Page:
IFM Investors has slated the queries it has received from a parliamentary committee, noting its company has copped more scrutiny than any of its competitors in the investment management space.
IFM has made the comments in a letter sent to the House of Representatives standing committee on economics, responding to requests in November to issue responses to committee queries.
As detailed in the letter sent on 17 December, IFM noted it is the “only funds manager called to appear before this inquiry” into the superannuation sector, having fronted the committee twice over a year, while its parent company Industry Super Holdings appeared once.
“None of IFM’s competitors have been called before the inquiry (Macquarie appeared in its capacity as a bank, not for its funds management business),” IFM wrote.
The group also said it had responded to almost 100 questions in writing from the committee, all but three of which were from committee chair and Liberal MP Tim Wilson.
“IFM has no objection to assisting the committee in its oversight of the financial services sector and is supportive of the role of the Parliament in this endeavour,” the letter stated.
“However, this oversight should not place one sector or institution at a competitive or commercial disadvantage to others.”
IFM has previously faced scrutiny around its executive remuneration from the committee as well as other figures in the government, having been criticised by Mr Wilson and financial services minister Jane Hume as being too opaque.
The matter has been further fired up by accounts of former executive director Frederic Michel-Verdier receiving a severance package that included bonuses of up to 20 million pounds (around $36 million worth) after he was at the centre of a lawsuit where he was accused of sexually harassing former infrastructure analyst Nathalie Abildgaard.
But during his last appearance before the committee on 6 November, IFM chief executive David Neal defended the company’s choice to not publicly disclose wages.
Mr Wilson had also asked if the company could reveal how many non-disclosure agreements it had in the past decade related to human resources issues or sexual harassment, to which it declined to answer.
“The number of such agreements is not publicly available and has not been sought from any other fund manager,” IFM responded to the question on notice.
“Disclosure of this information could therefore put IFM at a commercial disadvantage.”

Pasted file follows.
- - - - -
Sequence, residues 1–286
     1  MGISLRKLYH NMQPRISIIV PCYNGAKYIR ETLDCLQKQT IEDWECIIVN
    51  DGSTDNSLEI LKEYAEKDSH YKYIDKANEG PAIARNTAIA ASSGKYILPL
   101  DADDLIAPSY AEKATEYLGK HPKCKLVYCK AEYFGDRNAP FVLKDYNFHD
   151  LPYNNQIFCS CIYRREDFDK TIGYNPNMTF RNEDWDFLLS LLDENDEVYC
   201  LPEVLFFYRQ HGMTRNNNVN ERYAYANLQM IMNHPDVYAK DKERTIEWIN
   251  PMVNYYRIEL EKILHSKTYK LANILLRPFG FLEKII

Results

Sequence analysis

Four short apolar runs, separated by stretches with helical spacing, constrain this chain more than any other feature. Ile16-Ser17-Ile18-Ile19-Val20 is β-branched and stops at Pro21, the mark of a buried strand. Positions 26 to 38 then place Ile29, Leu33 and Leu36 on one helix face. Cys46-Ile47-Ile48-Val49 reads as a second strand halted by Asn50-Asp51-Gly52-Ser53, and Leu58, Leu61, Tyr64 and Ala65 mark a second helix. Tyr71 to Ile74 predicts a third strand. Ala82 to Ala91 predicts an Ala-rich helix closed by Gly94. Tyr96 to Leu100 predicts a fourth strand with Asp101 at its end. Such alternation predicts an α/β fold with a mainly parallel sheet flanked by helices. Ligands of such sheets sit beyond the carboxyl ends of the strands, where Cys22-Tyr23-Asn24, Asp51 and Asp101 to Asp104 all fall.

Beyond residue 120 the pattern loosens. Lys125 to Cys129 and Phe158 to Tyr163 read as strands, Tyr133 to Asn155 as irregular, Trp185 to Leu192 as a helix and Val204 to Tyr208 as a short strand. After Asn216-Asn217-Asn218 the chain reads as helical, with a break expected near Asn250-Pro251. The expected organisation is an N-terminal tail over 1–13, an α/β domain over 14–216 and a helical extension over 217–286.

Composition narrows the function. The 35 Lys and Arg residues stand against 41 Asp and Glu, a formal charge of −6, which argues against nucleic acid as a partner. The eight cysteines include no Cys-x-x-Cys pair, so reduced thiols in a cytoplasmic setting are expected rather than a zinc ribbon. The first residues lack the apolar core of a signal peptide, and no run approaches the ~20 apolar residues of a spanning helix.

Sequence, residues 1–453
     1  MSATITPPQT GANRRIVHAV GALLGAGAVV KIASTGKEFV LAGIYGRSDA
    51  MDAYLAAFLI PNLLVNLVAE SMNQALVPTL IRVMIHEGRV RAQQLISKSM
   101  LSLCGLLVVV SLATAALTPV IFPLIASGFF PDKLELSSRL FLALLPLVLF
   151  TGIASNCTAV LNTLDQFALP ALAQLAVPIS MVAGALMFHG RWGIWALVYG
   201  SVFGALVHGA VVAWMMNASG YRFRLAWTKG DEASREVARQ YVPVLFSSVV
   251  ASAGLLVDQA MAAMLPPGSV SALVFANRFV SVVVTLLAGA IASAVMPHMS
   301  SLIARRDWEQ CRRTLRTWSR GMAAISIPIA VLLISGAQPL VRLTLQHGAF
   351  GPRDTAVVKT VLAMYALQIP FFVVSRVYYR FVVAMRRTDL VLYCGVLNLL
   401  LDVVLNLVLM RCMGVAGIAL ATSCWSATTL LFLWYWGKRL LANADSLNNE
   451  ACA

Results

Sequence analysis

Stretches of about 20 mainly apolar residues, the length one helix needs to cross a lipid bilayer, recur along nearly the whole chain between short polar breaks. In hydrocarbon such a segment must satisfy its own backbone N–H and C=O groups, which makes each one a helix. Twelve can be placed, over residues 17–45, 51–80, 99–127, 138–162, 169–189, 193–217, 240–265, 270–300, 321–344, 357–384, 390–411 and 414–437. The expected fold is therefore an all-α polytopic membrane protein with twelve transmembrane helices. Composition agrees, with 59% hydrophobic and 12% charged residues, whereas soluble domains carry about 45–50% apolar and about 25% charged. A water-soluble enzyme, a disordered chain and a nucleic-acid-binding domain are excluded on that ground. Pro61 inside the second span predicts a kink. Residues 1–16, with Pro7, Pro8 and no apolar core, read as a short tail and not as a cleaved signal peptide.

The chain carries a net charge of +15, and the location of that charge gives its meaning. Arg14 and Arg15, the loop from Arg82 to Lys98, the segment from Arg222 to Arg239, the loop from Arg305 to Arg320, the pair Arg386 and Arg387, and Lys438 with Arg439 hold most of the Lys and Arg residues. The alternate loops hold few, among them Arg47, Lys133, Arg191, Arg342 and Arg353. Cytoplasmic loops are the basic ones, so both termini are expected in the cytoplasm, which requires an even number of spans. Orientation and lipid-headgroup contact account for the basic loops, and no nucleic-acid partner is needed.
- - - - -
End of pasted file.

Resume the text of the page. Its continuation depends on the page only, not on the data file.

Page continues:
IFM further protested Mr Wilson asking if its chair, Greg Combet, who is also the chair of Industry Super Australia and Industry Super Holdings (ISH), would appear before the committee to represent the fund manager.
“IFM has fully cooperated with this inquiry for over 12 months, sending three witnesses – its current chief executive, its former chief executive and its global head of infrastructure – to appear before the inquiry. Furthermore, IFM’s deputy chief executive has appeared on behalf of ISH,” its letter stated.
“To IFM’s knowledge, the committee is not seeking to call the chairs of any other fund managers before it, nor has any other non-operational holding company of a financial institution been called.”
The company also declined to answer a question around how much of its funds under management (FUM) had come from Australian super funds. IFM’s FUM had increased by around $20 billion from the previous financial year to $160 billion.
The group stated it could not provide further clarity around the composition of its FUM for fear of identifying individual clients or transactions, placing the firm at a competitive disadvantage and regulatory risk.
But when he appeared before the committee on 6 November, Mr Neal estimated a little under half of the company’s FUM had come from super funds.
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Sarah Simpkins is a journalist at Momentum Media, reporting primarily on banking, financial services and wealth.
Prior to joining the team in 2018, Sarah worked in trade media and produced stories for a current affairs program on community radio.
You can contact her on [email protected].
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